This article, first published in Communities issue #162, is one example of how the FIC cares about educating the public on social justice issues and ending oppression. Kim Scheidt works part-time for the Foundation for Intentional Community in addition to her other jobs as homesteading feminist and half-time mom.
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By default, intentional community in North America seems to be a haven for middle-class white folk interspersed with a small spattering of individuals of various other ethnic groups. The community where I live follows that same norm for the most part. It is an interesting mix, though, because we also serve as a tourist stop for quite a few visitors and interns from all over the world. I do lament the lack of racial diversity in my everyday life. However, I also try to teach by example—and by mini-lectures to the kids around here—that people are not to be judged based on outer appearances.
My lips still curve into a smile at the memory of what I consider an example of this teaching yielding quality results. A very dark-skinned man from Uganda visited the area for a handful of weeks. Upon meeting him for the first time, my then four-year-old daughter turned to me and said quietly, “Michael must have a lot of melanin in his skin.” Brilliant. It was a simple observation of the situation with no judgment whatsoever placed on something that is skin-deep.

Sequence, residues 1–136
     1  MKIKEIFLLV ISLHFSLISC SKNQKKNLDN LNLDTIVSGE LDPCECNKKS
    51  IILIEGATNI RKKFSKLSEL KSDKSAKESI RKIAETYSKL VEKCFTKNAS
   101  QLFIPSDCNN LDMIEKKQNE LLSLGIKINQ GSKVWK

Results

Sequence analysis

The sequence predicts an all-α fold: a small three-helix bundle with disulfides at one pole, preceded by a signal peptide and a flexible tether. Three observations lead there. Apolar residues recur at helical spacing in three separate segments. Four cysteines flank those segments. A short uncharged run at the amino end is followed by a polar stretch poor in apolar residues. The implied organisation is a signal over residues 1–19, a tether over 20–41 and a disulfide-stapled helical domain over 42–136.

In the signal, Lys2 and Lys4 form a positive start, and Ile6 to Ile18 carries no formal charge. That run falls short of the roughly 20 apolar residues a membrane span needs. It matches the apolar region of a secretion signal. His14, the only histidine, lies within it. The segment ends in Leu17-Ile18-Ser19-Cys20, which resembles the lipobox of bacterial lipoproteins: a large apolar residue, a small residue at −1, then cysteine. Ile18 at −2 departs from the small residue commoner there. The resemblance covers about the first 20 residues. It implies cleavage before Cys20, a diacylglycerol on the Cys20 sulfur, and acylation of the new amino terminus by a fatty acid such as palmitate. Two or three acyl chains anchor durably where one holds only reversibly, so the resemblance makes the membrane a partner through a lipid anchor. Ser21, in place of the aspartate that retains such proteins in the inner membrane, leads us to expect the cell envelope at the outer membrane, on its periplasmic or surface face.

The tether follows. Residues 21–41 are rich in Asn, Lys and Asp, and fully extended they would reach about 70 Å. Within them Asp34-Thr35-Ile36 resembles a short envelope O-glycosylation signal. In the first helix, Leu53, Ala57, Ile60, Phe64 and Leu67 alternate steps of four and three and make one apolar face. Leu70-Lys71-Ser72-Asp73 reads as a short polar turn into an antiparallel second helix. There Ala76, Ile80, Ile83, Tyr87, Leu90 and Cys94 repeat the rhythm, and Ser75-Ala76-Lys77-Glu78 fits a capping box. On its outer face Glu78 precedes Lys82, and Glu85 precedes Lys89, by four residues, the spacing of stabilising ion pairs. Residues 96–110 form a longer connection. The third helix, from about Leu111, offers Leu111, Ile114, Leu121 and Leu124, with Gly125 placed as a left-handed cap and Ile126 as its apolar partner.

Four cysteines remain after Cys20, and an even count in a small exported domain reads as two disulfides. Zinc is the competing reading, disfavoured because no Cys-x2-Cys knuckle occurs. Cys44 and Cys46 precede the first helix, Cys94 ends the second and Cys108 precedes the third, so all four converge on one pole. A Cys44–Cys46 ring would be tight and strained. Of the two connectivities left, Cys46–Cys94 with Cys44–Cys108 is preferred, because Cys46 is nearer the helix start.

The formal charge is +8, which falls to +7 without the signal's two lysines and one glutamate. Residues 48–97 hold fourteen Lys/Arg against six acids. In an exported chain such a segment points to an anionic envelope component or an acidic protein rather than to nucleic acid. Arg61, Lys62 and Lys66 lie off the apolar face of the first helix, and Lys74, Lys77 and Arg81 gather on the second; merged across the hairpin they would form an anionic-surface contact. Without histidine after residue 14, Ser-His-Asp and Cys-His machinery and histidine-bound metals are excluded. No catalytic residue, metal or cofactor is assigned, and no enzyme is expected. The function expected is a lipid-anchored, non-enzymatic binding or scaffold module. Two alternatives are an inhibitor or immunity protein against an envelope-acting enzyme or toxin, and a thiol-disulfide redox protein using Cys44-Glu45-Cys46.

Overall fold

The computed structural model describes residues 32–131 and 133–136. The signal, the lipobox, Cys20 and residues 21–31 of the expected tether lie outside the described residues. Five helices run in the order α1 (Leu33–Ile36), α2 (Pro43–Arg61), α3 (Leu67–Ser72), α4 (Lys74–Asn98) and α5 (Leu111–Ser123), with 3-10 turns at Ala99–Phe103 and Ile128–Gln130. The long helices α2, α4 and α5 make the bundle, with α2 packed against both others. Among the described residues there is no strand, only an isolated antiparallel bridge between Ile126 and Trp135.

Of course, race is not the only cultural divide within the larger population. Societal roles of men and women are a big deal almost everywhere. And I am not surprised that in the alternative culture of intentional community, gender seems to be a much more fluid state than in the mainstream—a multiple-choice question having more than just a few answers.
Societal norms around dress are not so prevalent here. Men regularly wear skirts and it is no big deal. I like that we have adapted our everyday language to account for such diversity by incorporating gender-neutral pronouns into our vocabulary. In introductory classes I’ve attended of activities ranging from acroyoga to co-counseling, instructors have begun by asking the group which pronouns each person prefers to go by. We aren’t so quick to assume that a person by definition is a “he” or a “she.”
A couple of years ago a new resident arrived in the area who identifies as transgendered. He threw a gender-bender dance party for his birthday…and since he and I happen to share a birthday, I got to go to a gender-bender dance party on MY birthday. That was awesome. Seeing so many of my community mates dressing with abandon contra to their typical gender style just warmed my heart. And I certainly loved sporting the sideburns and mustache I drew on myself with purple and gray eyeliner. (The black eyeliner was otherwise being used, and I’m not one to stand around waiting in line when there’s music to be danced to.)
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I like to denounce societal brainwashing in general. The process of dismantling sexism is in particular a key issue for me. I support and encourage those around me to question assumptions about traditionally defined gender roles. However, I usually like to phrase it in positive language and say that I’m pro-feminist. The intentional community network to which I belong also touts feminism as a top value.
I recently corresponded with a person we’ll call John who wrote saying he is in 100 percent alignment with the core principles of my sub-community except possibly for “one which I may be a little fuzzy on the definition of—that would be feminism. What is your definition?”